Kylteri 01/24

The Summer Job Hunt: A Morality Check on the Recruitment Process

I woke up. I brushed my teeth. I checked my phone while waiting for my coffee to brew. There it was, again: ”The application period ended yesterday, and we received a total of 480 strong applications, including yours. We are continuing to review applications and aim to make selections as soon as possible. We will call you if you are invited for an interview.” Sighh… time to update that spreadsheet.

The number 480 reignited the frustration I felt after receiving similar messages throughout my summer job search. It’s like playing multiple rounds of musical chairs in a room with a thousand people and two chairs. It proves a mental strain that the application process places on students, especially those of us in the competitive sphere of business studies at Aalto University, where summer internships are sought by hundreds of fellow Kylli Kylteris. 

The norm has shifted towards students applying to a massive number of positions, often reaching upwards of 50 summer trainee roles. To manage this problem, I have started tracking each application's status via an Excel spreadsheet. While this method keeps me organised, it also highlights the excessive mental effort required just to keep pace and even memorise the positions I’ve applied to. I simply feel like my fingers are in too many pies at once. And don’t get me wrong, I love pie but it would feel delightful if I even knew which flavour of pie I’m having on each bite. Feeling this, I begin to question the morality of expecting students to invest such significant resources in a system where success seems like a long shot. 

The lengthy recruitment process, often extending over 2–3 months, compounds this challenge. A waiting game, punctuated by eventual generic rejection emails, or even ghosting by employers, drains motivation and raises ethical concerns about its impact on students' emotional and psychological well-being. These drawn-out processes show a lack of regard for the students’ time, effort, and emotional investment, as they balance academic obligations, volunteer work, and personal life. ​​At this point, I’m considering adding ’Professional Rejection Handler’ to my resume, given my extensive experience in receiving automated 'no' emails months after applying to summer internships.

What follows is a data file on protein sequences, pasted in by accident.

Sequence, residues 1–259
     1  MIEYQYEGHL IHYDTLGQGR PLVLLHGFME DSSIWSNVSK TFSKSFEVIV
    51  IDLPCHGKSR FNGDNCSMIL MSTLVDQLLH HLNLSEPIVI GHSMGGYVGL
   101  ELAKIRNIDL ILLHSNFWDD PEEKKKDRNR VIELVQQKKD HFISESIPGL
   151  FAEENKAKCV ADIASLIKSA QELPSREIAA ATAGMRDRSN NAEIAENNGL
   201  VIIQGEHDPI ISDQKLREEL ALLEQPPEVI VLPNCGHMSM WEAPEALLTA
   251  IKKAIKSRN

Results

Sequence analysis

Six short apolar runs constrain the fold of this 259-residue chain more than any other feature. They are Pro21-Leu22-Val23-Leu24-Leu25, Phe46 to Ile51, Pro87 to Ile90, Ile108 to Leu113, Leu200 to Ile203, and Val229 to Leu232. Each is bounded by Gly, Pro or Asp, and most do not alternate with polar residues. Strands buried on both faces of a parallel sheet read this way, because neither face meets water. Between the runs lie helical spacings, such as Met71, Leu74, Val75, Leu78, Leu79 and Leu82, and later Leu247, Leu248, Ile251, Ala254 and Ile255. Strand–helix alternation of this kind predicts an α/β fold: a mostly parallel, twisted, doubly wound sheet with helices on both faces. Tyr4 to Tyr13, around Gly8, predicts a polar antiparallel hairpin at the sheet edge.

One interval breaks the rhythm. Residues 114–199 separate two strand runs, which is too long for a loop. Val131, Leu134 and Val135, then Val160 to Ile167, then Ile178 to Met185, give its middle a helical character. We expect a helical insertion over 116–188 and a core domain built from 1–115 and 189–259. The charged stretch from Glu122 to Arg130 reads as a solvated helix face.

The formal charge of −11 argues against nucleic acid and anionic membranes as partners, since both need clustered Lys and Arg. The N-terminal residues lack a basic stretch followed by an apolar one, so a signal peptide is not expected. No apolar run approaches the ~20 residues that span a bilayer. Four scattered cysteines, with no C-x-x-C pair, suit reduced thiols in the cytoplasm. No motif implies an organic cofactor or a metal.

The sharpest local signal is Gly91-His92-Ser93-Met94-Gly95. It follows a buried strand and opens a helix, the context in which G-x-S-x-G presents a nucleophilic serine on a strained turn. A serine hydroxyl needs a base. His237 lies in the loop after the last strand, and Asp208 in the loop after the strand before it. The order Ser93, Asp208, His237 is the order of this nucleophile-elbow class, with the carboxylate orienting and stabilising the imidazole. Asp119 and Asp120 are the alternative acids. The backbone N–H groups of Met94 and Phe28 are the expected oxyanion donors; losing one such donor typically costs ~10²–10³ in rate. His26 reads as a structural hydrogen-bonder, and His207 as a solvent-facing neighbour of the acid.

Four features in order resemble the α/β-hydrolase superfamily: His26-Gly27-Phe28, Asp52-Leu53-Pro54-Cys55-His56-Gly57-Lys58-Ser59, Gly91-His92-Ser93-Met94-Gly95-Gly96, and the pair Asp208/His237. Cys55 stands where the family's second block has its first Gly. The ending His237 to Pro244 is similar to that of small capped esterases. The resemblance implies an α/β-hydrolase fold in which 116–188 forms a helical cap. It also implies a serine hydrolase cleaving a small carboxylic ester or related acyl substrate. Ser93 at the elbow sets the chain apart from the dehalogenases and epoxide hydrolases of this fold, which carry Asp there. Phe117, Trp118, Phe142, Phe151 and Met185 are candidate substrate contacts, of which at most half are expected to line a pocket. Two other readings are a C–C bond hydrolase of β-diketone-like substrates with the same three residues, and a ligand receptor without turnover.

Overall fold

The ethical dilemma posed by such a demanding and inefficient system is significant. Although businesses face the daunting task of sifting through a vast number of applications, the current approach places an undue burden on applicants. In addition to this, by creating an environment where the optimal strategy is to apply everywhere and put in minimal effort, businesses spend way too much energy and resources on their recruitment process to hire a candidate who didn't even want this job as their first choice. 

To create a more morally just recruitment landscape, improvements are necessary. Companies could utilise technological advancements to expedite initial screenings, offering a quicker and more responsive communication process with applicants. It's unreasonable to expect candidates to wait over a month simply to ascertain if they're still under consideration for a summer internship. Greater transparency regarding timelines and providing more personalised feedback could alleviate much of the anxiety and disillusionment experienced by students.

Additionally, initiatives such as direct referrals and collaborative workshops between universities and employers could forge more meaningful connections between students and potential employers. This approach would, in addition to being fun and meaningful for students, reduce the need for widespread applications, promoting a more targeted and thoughtful job search.

Questioning the moral validity of expecting students to navigate such a labour-intensive and emotionally draining application process is necessary. The present system, with its disproportionate demands and unpredictable outcomes, merits reconsideration in favour of practices that respect applicants' dignity, time, and mental well-being. Adopting more compassionate and efficient recruitment strategies would lead to a fairer and more respectful job search experience for all involved.

However, in the meantime, let’s not get too discouraged from facing some rejection before securing a summer job. As Woody Allen once said: “If you're not failing every now and again, it's a sign you're not doing anything very innovative.” Personally, despite being Finnish, I really want to believe in this anecdote instead of “Leuka rintaan ja kohti uusia pettymyksiä.” 

Isaac Jyväsjärvi is a trailblazing creative enthusiast and activist, lighting up the world with vibrant ideas on social and environmental betterment, whose idea of a quiet evening involves dismantling societal taboos by hand pouring candles at the Giggeli showroom on Vaasankatu.